For new readers

To get an idea of what I'm trying to do and why I think it's possible, check out the following entries, they'll help get you up to speed.

Tuesday, December 28, 2010

New Year

Graduate school or the desert trek, which was tougher to finish?  
I've finished graduate school (i think - no diploma in the mail yet...) and don't have a job.  I'm planning to forge ahead with starting this non-profit with the aim of bringing adventure to the great plains.  Hope to make a go of it, but who knows.  It's strange to consider a Masters degree in physics as a 'fallback' plan.

I want to try to also forge ahead with this experiment of mine - Abu Dhabi is now two weeks over but was an eye opening experience.  Yogaslackers placed 14th out of 49 starting teams - ahead of many good teams that cracked in the desert.  But we saw a class of teams (and athletes) that are often absent from stateside adventure races.  Professionals.

It seems silly to try to compete with these guys on my training.  Hell, on my genetics.  Richard ussher and his wife are world class - TOP athletes in many disciplines, and hardcore suffer-o-philes.  Jason (my brother and Yogaslackers team captain) wants to go back to abu dhabi next year and crack the top 10, maybe even top 5.  I'm not sure if it's possible - in fact i'm pretty sure its not - at least not with the commitment i'm willing to give.  Even if i mustered the will to make every one of the 180 weekly minutes as efficient and effective as possible, how much faster could i get?

Nonetheless, it's intriguing.  I've got plenty of room to grow, even on a limited schedule.  i can learn to paddle (apparently i don't know how), become a badass on the bike for rides under 2 hours (all but one of the rides should have taken less time), and maintain the strength i showed on foot in the mountains.  maybe it can be done.  The decision is still a long way off, but the seed is planted.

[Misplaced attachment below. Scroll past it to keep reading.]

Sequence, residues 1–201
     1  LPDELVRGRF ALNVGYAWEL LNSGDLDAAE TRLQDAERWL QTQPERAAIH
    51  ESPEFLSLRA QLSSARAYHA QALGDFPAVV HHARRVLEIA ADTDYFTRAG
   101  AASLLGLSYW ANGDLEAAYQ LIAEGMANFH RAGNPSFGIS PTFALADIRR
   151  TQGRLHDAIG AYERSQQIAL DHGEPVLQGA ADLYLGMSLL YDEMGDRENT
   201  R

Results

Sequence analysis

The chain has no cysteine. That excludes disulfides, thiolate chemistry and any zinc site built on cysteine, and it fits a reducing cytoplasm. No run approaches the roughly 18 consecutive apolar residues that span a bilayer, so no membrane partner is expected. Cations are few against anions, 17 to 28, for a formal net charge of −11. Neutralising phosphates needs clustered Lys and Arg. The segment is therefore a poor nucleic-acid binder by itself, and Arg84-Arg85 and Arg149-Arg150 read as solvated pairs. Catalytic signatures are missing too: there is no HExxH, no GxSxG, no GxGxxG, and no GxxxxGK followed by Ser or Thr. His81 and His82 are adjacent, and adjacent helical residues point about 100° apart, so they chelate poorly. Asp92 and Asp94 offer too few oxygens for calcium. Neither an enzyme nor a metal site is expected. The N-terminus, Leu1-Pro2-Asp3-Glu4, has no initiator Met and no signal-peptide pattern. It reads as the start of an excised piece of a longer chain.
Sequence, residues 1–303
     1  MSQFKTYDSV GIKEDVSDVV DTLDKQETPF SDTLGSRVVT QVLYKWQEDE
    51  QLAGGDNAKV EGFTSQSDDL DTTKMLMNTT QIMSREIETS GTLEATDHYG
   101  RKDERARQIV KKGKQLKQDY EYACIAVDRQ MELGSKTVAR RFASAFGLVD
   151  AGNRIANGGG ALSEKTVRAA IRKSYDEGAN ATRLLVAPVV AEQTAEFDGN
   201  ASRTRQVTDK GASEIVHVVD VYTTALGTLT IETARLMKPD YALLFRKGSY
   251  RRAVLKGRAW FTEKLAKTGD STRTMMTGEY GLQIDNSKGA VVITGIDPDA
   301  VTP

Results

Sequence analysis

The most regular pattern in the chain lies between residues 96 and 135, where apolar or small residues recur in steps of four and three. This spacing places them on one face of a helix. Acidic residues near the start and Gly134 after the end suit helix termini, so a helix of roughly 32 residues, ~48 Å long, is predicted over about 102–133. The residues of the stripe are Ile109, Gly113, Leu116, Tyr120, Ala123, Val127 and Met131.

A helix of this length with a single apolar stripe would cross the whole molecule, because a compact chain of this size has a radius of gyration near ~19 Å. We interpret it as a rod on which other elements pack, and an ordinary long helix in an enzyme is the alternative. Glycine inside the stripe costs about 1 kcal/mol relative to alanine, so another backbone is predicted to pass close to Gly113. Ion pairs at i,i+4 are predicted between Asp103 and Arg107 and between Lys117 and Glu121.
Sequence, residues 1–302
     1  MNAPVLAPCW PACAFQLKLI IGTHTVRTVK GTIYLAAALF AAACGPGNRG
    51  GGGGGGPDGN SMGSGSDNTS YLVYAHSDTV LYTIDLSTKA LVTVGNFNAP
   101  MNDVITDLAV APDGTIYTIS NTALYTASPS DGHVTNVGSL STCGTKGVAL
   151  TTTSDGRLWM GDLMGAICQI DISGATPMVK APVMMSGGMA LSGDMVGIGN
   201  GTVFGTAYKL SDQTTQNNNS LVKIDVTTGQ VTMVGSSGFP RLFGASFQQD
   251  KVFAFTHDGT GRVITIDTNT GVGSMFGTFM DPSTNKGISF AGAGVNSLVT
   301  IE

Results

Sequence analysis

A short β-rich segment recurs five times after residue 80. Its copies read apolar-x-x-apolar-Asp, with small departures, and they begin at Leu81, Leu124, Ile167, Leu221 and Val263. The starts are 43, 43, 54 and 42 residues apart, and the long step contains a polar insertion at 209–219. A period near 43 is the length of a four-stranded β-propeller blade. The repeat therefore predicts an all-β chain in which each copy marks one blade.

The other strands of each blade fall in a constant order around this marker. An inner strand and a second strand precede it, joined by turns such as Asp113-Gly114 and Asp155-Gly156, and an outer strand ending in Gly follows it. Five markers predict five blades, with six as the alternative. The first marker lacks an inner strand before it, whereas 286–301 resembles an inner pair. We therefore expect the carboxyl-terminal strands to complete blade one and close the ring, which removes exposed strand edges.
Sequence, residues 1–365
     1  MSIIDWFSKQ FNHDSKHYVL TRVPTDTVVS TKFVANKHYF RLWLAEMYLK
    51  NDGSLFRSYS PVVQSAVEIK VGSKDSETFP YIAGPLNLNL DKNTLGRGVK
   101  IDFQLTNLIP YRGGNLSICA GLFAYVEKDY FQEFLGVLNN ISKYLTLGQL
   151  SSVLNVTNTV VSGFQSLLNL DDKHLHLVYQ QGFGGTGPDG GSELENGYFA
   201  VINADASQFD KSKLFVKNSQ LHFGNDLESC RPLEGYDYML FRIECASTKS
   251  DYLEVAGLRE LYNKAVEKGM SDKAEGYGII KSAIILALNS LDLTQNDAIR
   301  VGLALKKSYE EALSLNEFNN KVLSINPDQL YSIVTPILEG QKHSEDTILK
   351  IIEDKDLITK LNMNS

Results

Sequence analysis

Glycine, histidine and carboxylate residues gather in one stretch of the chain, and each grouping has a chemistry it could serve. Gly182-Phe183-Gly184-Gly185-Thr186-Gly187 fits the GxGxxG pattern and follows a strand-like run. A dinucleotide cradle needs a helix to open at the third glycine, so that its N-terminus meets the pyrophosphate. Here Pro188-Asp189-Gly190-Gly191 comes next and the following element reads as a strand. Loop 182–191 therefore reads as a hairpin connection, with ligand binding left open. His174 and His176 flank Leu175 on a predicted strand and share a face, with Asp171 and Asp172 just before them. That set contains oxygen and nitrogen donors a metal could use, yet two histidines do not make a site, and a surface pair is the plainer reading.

I intend to write more often this year - develop my ideas - put pen to paper (metaphorically) and come up with some general strategies that could be applied to training for a wide range of situations, and keep trying to find the most efficient way of spending those minutes as i can.  Happy new year everyone!

Tuesday, November 23, 2010

Making do

Grand Forks this morning.  Sundogs appeared as the temperature
dropped and ice crystals filled the air.  Photo by Eric Hyden
Last year it didn't snow up here in Grand Forks until Christmas day.  For some reason i was counting on this happening again.  I'd planned three big paddle training days (big for me, not for the other Yogaslackers - big for them really means epic for most folks) leading up to my departure for Abu Dhabi on Dec. 7th.  I did manage to get one of these in - i went out last sunday despite 3-4 inches of snow falling overnight.  It was exciting to say the least - that morning my rudder snapped (i'd never paddled without it) and i was using a new wing blade and donning a never before worn (by me) dry suit which was less than straightforward to put on.  At the boat ramp, solid ice lay under the new snow and extended like a skin six feet out onto the river.  Thoughts of breaking through and falling into the river as i tried to put in were pretty terrifying, dry suit or not.

I considered calling it a day.  But I'm stubborn and had been looking forward to some adventure so opted not to.  instead, i sat in the boat and pushed off, sliding down and out across the ice which broke and parted with the weight of the boat.  I wasn't at all sure how i was going to get back out, but figured i didn't have to worry about it for an hour ad headed up river.

It took some getting used to steer without the rudder, but i managed ok.  I wan't able to go at full intensity but that was ok too - it was my first paddle since nationals in late october.  What I loved (once i got over my nervousness) was trying to dodge the floating sections of surface ice.  Some were approaching an inch in thickness and weren't fun to hit - i almost got stuck on one and had to struggle to chop away at it with the ultralight carbon fibre paddle.  Some were just a thin skin, millimeters thick floating islands of ice moving with the current, and offered almost no resistance to my bow as i plowed through.  I found myself marveling at the simple (or perhaps not so simple) phase change that i was witnessing.